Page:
Overview of Kidney Biopsy

Percutaneous kidney biopsy (through the skin) the removal of a sample of kidney tissue for diagnosis or to evaluate the function of a transplanted kidney. A nephrologist (kidney and renal system specialist) performs the procedure on an outpatient basis, usually in the radiology department of the hospital. Preparation, biopsy, and recovery take several hours.

Kidney Biopsy Preparation

The following medications must be discontinued before biopsy to reduce bleeding:

  • Aspirin (10 days before)
  • Warfarin (Coumadin, Jantoven, generics), Heparin, and other anticoagulants
  • Nonsteroidal anti-inflammatory drugs (e.g., ibuprofen)

Typically, blood platelet count is evaluated to ensure that the blood will clot properly after the procedure. A low blood platelet count may indicate that the patient has a disorder that makes a biopsy inadvisable.

Kidney Biopsy Procedure

Biopsy is performed on one kidney. The patient lies on his or her stomach on a firm table with cushioning under the abdomen for support and must not move during the procedure.

Once the kidney is located with ultrasound or CT scan, the biopsy site is marked over the right kidney and a local anesthetic is injected. Once the area is numb, the nephrologist uses ultrasound to view the kidneys in real time and guides a spring-loaded biopsy needle into the kidney.

The needle removes about 5 to 15 glomeruli. Two or three samples are usually required, each the size and shape of one-half inch of string. After the core tissue samples are extracted, pressure is applied to the incision to slow bleeding, and a bandage is placed on the wound.

Post Kidney Biopsy Care

The patient must lie on his or her back for 8 to 24 hours. Some nephrologists advocate a 24-hour recovery in the hospital, where the patient can be observed for complications.

The kidney contains many blood vessels and bleeds as a result of the biopsy. Bright red (arterial) blood in the urine (hematuria) may be seen for the first 24 hours. If blood is seen in the urine after 24 hours, further care may be required to stop the bleeding. Many people experience muscle aches and general soreness during recovery.

Kidney Biopsy Complications

The following complications may occur:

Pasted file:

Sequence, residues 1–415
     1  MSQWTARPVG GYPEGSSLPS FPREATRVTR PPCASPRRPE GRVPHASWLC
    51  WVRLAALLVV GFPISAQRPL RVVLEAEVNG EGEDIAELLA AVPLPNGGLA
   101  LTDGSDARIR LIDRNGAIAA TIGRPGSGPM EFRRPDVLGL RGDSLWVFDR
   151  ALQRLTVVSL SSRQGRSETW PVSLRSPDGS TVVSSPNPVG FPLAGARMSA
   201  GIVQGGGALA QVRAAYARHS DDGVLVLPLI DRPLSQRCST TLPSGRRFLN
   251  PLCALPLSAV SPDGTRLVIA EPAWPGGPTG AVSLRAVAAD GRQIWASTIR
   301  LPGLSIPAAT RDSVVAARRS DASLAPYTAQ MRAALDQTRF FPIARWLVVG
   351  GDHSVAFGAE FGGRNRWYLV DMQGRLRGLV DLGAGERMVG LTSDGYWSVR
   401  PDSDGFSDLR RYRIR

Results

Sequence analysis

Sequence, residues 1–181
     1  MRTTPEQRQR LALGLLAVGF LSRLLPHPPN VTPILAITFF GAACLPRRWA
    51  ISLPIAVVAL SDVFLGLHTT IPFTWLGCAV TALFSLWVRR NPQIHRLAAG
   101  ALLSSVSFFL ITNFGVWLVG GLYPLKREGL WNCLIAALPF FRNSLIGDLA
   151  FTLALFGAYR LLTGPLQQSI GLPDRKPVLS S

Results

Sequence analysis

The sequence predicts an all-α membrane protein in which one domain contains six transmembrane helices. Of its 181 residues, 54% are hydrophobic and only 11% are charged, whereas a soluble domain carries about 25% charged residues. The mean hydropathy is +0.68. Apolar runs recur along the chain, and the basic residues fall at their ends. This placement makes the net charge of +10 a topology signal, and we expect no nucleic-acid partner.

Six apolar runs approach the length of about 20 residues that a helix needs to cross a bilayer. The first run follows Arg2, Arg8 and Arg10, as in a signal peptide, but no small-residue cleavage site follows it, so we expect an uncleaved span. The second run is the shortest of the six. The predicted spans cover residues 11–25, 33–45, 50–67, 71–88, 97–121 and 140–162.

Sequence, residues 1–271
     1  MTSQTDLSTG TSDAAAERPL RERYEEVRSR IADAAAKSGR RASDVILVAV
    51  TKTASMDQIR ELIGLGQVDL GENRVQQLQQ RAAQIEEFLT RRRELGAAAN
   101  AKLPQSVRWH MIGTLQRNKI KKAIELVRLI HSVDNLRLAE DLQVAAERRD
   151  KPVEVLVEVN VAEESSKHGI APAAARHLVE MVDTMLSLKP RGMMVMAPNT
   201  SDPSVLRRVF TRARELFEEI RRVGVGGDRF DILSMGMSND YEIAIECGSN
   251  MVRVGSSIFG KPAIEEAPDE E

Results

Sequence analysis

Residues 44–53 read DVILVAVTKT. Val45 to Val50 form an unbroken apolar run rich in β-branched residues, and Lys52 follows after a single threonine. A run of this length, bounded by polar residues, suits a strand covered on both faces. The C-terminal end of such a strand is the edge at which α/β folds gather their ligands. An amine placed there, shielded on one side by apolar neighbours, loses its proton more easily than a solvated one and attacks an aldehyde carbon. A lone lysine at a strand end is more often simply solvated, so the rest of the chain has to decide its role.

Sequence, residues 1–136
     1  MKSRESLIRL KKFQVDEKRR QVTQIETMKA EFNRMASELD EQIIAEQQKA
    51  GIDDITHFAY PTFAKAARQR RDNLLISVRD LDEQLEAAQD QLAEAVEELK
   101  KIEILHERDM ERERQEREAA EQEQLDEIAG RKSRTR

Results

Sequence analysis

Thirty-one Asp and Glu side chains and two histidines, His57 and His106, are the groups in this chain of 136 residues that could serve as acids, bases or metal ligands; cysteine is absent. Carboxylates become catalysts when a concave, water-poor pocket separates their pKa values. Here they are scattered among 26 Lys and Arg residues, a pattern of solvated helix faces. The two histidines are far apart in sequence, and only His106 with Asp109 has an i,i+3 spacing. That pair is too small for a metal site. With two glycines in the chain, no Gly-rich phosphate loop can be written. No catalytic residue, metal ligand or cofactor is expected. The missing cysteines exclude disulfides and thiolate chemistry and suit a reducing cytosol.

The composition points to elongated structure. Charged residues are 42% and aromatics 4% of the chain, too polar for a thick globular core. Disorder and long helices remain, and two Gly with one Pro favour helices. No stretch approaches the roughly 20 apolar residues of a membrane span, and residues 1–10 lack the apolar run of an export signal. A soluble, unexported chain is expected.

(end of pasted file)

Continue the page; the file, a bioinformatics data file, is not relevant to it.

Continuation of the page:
• Acute blood loss (in as many as 10%)
  • Bleeding requiring surgery, transfusion, or kidney removal (less than 1%)
  • Death (less than 1%)
  • Pain lasting longer than 12 hours (in 4%)

Contraindications to Kidney Biopsy

The most common contraindication to kidney biopsy is disease:

  • Bleeding disorder (e.g., inability to coagulate, platelet abnormality)
  • Hypertension
  • Pyelonephritis (disease of the pelvis of the kidney)
  • Shrunken kidney (i.e., as a result of disease)
  • Tumor

Nephrologists generally consider it safe for people with only one kidney (solitary kidney) to undergo open biopsy, unless their individual case warrants closed biopsy, which is done under general anesthesia. The risks of general anesthesia usually outweigh the risks of a closed biopsy.

Other Types of Kidney Biopsy

Other types of biopsy, such as transjugular and laparoscopic, are performed on patients with bleeding disorders, tumor, obesity, or a solitary kidney. These are done as outpatient procedures, under general anesthesia.

Transjugular biopsy, also called transvenous, involves inserting a small tube through the jugular vein in the neck and guiding it to the kidney using ultrasound. A biopsy needle is passed through the tube to the kidney to obtain a tissue sample. Laparoscopy involves using an endoscope (thin, lighted telescopic instrument) to explore the abdomen. Gas is introduced into the abdomen to separate the organs and to allow the laparoscope to pass. The needle is then inserted through the laparoscope and guided to the kidney with ultrasound.

Percutaneous biopsy generally allows for quicker recovery, causes less pain, and has fewer risks; it is used more frequently.

Publication Review By: Stanley J. Swierzewski, III, M.D.

Published: 30 Apr 2001

Last Modified: 13 Oct 2015